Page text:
• The employer cannot pay for or endorse (to the point of being an ERISA-covered benefit) any individual health or medical insurance benefit (even coverage funded by the QSEHRA). Department of Labor regulations define the circumstances under which employer involvement is sufficiently limited so that an arrangement is considered “voluntary” and, thus, not a group health plan. Care should be taken so as not to cross the endorsement line.
  • All full-time employees must be provided the same benefit to satisfy nondiscrimination rules. Certain limited categories of employees may be excluded from participation, including employees who have not completed 90 days of service, employees who have not attained age 25, and part-time or seasonal employees. In theory, the employer may vary the amount of available benefits based on age and number of family members covered, but this can only be done in accordance with pricing of an insurance policy in the relevant individual market. The rules for making these adjustments are so administratively complex that most employers will choose to merely provide a flat QSEHRA benefit.
  • Substantiation requirements apply. The employer is required to have the employee substantiate: (a) that all QSEHRA participants (including dependents for whom a reimbursement is paid) have minimum essential coverage either through the QSEHRA purchased policy or another source; and (b) that an eligible medical expense was incurred.
  • Additional tax, reporting and notice requirements apply. QSEHRAs are subject to the Patient- Centered Outcomes Research Institute fee. QSEHRA benefits must be reported on employees’ W-2s. Employers are required to provide employees a written notice describing the QSEHRA benefit.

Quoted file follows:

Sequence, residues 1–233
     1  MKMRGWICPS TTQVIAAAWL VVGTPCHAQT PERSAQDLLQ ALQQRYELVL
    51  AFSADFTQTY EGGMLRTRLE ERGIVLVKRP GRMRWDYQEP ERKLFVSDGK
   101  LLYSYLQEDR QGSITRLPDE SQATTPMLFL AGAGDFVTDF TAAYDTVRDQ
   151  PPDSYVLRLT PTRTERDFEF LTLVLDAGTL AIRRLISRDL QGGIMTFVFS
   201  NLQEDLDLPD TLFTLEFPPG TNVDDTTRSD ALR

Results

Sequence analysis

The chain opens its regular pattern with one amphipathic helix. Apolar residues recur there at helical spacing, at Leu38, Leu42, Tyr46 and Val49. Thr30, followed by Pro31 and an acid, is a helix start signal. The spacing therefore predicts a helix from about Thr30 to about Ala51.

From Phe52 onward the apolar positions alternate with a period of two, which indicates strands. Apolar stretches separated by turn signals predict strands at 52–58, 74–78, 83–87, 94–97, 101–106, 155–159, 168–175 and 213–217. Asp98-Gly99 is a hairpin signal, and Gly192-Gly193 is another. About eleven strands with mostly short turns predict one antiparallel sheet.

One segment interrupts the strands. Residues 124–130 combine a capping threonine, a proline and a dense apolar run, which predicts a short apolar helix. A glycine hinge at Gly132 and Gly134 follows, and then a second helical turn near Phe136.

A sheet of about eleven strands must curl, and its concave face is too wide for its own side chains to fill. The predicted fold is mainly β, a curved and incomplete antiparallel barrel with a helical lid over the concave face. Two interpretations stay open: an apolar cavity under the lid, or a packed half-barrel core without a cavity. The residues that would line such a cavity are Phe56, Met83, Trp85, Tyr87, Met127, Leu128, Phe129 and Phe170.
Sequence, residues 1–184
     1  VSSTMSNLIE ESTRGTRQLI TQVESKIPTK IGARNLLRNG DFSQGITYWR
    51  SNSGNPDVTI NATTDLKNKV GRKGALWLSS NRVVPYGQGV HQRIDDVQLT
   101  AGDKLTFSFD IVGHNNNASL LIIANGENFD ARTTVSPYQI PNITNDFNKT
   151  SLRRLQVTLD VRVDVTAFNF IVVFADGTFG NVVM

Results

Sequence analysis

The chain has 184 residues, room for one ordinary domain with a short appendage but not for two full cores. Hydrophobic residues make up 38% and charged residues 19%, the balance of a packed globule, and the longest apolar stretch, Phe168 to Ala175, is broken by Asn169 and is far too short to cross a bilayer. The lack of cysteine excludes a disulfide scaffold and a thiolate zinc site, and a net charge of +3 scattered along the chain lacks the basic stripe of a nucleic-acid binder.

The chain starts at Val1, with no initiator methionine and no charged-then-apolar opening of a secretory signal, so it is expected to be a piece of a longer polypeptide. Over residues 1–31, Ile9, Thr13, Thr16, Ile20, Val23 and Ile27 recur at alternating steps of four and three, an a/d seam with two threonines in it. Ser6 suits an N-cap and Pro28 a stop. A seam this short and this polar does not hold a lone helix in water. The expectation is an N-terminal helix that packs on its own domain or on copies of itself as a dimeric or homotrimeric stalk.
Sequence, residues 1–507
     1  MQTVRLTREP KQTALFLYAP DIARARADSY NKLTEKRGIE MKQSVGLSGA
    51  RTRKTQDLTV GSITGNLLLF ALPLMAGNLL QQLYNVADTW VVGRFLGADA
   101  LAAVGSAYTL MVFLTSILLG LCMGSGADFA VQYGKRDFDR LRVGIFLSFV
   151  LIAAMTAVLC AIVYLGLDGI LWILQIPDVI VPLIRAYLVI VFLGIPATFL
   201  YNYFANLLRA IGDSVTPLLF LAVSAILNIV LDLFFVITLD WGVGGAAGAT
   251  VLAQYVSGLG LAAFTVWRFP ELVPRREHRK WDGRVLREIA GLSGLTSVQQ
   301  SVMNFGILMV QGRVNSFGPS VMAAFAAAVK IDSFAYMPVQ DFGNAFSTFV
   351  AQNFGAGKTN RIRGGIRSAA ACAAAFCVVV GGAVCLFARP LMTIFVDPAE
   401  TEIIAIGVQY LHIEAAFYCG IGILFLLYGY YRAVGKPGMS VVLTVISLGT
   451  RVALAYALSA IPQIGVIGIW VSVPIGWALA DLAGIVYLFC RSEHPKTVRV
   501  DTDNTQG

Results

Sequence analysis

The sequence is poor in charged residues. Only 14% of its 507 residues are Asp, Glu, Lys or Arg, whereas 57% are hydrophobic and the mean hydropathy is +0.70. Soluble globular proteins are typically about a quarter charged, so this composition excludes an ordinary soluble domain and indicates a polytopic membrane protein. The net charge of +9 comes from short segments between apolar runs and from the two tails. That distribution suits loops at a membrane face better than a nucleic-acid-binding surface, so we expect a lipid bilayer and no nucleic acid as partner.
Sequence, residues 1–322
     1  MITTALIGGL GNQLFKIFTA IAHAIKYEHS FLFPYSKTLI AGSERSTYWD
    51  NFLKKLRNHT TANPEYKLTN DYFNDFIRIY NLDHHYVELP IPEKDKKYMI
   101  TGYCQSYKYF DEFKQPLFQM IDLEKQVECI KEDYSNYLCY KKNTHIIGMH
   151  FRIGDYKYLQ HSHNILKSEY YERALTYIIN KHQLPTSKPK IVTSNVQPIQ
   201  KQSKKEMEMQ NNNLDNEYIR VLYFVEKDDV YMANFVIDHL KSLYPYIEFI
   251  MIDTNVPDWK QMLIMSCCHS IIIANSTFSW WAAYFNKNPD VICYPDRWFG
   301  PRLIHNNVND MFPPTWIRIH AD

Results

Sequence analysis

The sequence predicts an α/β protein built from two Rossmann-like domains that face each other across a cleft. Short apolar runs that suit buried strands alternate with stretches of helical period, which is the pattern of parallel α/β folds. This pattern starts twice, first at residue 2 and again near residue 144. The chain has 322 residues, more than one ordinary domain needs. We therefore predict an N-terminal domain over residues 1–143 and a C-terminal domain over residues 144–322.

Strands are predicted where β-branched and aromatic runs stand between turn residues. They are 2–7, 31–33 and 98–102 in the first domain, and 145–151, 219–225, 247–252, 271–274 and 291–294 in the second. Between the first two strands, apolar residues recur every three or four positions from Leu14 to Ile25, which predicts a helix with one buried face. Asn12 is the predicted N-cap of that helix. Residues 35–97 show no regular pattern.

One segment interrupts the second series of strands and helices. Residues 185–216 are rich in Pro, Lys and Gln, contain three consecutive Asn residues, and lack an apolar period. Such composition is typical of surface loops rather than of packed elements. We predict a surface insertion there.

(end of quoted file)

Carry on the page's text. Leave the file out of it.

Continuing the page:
• The employer must adopt and maintain a QSEHRA-qualified HRA plan document.
  • The employer must comply with HIPAA privacy and security requirements if there is any outside administration of the QSEHRA or if the QSEHRA has 50 or more participants (e.g., due to participation by part-time employees).
  • State law should be checked to ensure that employer participation with individual medical policy coverage is permissible. Some states consider individual health insurance paid for by employers to be group health insurance. Thus, insurers, brokers and agents working with small employers should carefully consider state-law implications, which might include prohibitions against marketing individual policies to small employers. While many states are revisiting these prohibitions, some states specifically prohibit employers from reimbursing individual premiums. When the federal legislation was passed, about two dozen states had prohibitions, and some states (Minnesota, Oregon and Texas) have cleared the way for QSEHRAs. Given the fluid nature of these provisions, agents and brokers should check with their Departments of Insurance for the latest information.


QSEHRAs offer a potentially attractive approach to employee health coverage for qualifying small employers. However, the numerous limitations and compliance issues mean that this vehicle may not be suitable for all employers. Employers should consult with their advisors as to QSEHRA implications.

The information above is provided for general informational purposes and is not provided as tax or legal advice for any person or for any specific situation.

Aflac herein means American Family Life Assurance Company of Columbus and American Family Life Assurance Company of New York.